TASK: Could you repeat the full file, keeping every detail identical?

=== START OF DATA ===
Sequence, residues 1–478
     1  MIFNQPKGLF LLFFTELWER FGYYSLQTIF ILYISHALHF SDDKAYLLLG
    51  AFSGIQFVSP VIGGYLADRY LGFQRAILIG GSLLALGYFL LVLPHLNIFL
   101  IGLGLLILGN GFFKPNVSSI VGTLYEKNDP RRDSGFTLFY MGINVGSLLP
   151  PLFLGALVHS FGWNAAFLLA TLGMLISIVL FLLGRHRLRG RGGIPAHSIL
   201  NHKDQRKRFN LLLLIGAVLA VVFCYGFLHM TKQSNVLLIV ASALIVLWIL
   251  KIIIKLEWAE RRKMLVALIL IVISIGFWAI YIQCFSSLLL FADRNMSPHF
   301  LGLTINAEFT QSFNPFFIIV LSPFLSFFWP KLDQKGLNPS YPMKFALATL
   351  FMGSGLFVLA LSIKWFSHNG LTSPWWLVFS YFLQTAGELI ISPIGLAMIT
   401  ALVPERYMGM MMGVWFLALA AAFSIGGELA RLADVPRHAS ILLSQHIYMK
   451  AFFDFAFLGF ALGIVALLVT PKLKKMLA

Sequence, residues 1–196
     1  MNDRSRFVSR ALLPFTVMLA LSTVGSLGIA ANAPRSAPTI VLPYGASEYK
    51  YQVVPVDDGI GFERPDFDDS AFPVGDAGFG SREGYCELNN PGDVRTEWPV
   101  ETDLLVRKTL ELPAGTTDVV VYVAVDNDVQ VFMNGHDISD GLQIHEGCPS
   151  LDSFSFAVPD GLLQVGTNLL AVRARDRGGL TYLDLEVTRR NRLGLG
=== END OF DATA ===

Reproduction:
Sequence, residues 1–478
     1  MIFNQPKGLF LLFFTELWER FGYYSLQTIF ILYISHALHF SDDKAYLLLG
    51  AFSGIQFVSP VIGGYLADRY LGFQRAILIG GSLLALGYFL LVLPHLNIFL
   101  IGLGLLILGN GFFKPNVSSI VGTLYEKNDP RRDSGFTLFY MGINVGSLLP
   151  PLFLGALVHS FGWNAAFLLA TLGMLISIVL FLLGRHRLRG RGGIPAHSIL
   201  NHKDQRKRFN LLLLIGAVLA VVFCYGFLHM TKQSNVLLIV ASALIVLWIL
   251  KIIIKLEWAE RRKMLVALIL IVISIGFWAI YIQCFSSLLL FADRNMSPHF
   301  LGLTINAEFT QSFNPFFIIV LSPFLSFFWP KLDQKGLNPS YPMKFALATL
   351  FMGSGLFVLA LSIKWFSHNG LTSPWWLVFS YFLQTAGELI ISPIGLAMIT
   401  ALVPERYMGM MMGVWFLALA AAFSIGGELA RLADVPRHAS ILLSQHIYMK
   451  AFFDFAFLGF ALGIVALLVT PKLKKMLA

Sequence, residues 1–196
     1  MNDRSRFVSR ALLPFTVMLA LSTVGSLGIA ANAPRSAPTI VLPYGASEYK
    51  YQVVPVDDGI GFERPDFDDS AFPVGDAGFG SREGYCELNN PGDVRTEWPV
   101  ETDLLVRKTL ELPAGTTDVV VYVAVDNDVQ VFMNGHDISD GLQIHEGCPS
   151  LDSFSFAVPD GLLQVGTNLL AVRARDRGGL TYLDLEVTRR NRLGLG